Microscope slides are amazing little things. With a few simple steps, prepared slides can catapult you into a whole world that you never realized existed. There are a lot of different types of slides, and many ways to prepare them.
The most common type of slide is made from clear glass, although fiberglass and plastic slides are also available. Slides may be frosted in order to make the specimen stand out better, no matter what mount style is chosen.
There are three mount styles that are most common. They are the wet mount, the dry mount and the prepared mount. The mount that works best depends on the type of sample and what the viewer is hoping to see.
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A wet mount slide is exactly what it sounds like. A specimen is suspended in some type of liquid between a blank microscope slide and a cover. The liquid refracts the light, making the specimen easier to see. Wet mounts let the viewer observe the natural color or movement of the specimen.
There are many types of liquids that can be used for a wet mount microscope slide. Aquatic specimens can be taken directly from the water they inhabit and put on the slide. Sometimes a salt-water solution is used to dilute the specimen in order to be able to view it.
Glycerin is occasionally used because of its high refractive properties. It can dry out or kill live specimens, so it is better to use this mixture for plant species. Water and glycerin can be blended together if the light refraction needs to be lowered.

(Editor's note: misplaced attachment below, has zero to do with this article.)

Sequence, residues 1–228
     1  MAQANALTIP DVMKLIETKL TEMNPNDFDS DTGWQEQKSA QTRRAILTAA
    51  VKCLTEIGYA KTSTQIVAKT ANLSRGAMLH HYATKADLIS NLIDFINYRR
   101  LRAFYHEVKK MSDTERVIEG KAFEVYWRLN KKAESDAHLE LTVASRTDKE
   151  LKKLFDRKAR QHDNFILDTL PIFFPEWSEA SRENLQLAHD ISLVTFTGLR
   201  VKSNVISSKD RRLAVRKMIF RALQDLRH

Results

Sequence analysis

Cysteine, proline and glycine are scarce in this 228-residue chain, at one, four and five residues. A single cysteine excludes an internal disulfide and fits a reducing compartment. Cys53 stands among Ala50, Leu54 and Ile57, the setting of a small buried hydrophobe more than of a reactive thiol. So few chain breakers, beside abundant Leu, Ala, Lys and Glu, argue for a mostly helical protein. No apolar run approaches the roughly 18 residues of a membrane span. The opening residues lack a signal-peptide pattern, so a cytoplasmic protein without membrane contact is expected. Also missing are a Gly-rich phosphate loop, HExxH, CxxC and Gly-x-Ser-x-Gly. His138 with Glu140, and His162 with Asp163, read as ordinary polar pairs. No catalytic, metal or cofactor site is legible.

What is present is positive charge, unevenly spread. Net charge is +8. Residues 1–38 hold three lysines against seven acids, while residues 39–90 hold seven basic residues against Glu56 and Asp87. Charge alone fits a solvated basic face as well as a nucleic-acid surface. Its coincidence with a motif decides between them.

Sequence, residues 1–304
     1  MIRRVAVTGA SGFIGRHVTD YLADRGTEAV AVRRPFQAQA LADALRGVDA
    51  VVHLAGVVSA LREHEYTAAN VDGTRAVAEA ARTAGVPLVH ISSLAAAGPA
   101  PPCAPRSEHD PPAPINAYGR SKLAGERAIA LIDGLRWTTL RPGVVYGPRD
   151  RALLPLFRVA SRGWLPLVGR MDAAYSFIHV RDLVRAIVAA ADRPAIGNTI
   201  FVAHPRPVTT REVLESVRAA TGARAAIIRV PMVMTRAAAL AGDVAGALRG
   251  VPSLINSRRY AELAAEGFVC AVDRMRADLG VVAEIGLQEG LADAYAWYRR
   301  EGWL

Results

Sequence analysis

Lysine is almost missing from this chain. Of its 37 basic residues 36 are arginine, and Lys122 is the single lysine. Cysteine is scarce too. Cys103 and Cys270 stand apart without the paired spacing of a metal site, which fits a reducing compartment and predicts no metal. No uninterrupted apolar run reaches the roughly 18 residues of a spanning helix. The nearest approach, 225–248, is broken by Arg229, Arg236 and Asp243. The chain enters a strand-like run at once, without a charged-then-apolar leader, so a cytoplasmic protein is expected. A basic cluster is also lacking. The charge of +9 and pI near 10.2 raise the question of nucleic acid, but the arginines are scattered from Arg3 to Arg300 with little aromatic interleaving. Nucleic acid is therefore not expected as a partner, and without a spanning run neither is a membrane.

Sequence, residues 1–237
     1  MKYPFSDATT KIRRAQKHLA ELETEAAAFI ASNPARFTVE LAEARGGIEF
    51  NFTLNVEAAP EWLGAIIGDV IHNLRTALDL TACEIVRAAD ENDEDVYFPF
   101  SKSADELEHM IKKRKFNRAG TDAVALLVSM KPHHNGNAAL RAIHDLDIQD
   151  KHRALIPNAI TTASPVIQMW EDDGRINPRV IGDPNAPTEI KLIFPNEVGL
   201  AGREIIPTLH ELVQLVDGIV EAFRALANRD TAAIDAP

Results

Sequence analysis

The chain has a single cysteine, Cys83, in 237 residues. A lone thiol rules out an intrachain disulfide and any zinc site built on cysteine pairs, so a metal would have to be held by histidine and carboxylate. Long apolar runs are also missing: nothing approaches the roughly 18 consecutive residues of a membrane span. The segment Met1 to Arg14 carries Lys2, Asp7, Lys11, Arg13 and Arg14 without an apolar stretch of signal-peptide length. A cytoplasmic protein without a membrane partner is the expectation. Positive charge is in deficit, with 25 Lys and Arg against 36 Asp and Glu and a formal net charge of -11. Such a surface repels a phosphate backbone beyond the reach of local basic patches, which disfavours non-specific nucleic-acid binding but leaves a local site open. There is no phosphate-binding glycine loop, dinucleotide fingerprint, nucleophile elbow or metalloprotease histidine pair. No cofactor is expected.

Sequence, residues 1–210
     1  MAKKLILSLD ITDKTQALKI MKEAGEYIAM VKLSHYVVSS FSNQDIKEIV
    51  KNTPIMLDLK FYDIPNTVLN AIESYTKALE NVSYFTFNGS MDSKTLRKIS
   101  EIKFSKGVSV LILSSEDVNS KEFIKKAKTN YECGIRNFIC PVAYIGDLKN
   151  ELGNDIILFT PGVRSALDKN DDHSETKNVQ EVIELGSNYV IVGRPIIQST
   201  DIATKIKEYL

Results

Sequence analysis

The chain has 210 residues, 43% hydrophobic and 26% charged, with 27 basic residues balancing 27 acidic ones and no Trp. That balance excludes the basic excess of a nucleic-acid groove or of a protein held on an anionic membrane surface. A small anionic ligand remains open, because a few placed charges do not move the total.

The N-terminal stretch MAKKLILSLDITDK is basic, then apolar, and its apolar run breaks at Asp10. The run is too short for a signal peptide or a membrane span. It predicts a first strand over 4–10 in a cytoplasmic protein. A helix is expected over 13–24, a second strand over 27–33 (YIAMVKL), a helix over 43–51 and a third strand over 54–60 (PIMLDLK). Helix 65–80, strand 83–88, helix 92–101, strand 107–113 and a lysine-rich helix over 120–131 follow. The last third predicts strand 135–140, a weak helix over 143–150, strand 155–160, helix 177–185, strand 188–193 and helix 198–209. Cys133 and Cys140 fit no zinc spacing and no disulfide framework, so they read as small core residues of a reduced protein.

Immersion oil can also be used to make wet mounts, but it doesn’t work well with synthetic materials. Immersion oil wet mounts are completed by placing a drop of oil on top of the cover of the slide. Specimens that don’t do well in water can be wet mounted with immersion oil.
Wet mount prepared slides work very well for all types of samples. However, they will dry out over time. That is why wet slides are considered to be a temporary mount for specimens. Moving specimens can also be harder for the viewer to locate on the slide.
The dry mount is by far the simplest of the three. The specimen can be placed onto the blank microscope slide, and a cover slip is typically placed over it. This is done to protect the specimen and the microscope objectives. It can also help keep the specimen still and flat on the slide.
Dry mount slides work well for pollens, feathers or hair. It can also be used to examine any airborne particles that get caught in a membrane filter. Dry mounts are typically temporary, unless the cover is sealed in some way. The lack of a refractive substance may make it harder to view smaller and more detailed structures.
Prepared mount slides are typically done for pathological or biological research. The preparation for these slides is very involved. The specimens need to be thinly sliced, a process usually done with a microtome. Any water that may be present in the sample needs to be removed.
Once the specimen is dry, stains can be applied to highlight certain structures. A fixative is also used in order to protect the specimen from decay. If done correctly, a prepared mount slide can last virtually forever.
A microscope slide can let the viewer catch a glimpse of the world that surrounds them. Each mount preparation and slide material has its own uses and disadvantages. Whether it’s a wet mount on clear glass or a prepared mount on a frosted fiberglass slide, a well-made slide can be a viewing window into the microscopic world.
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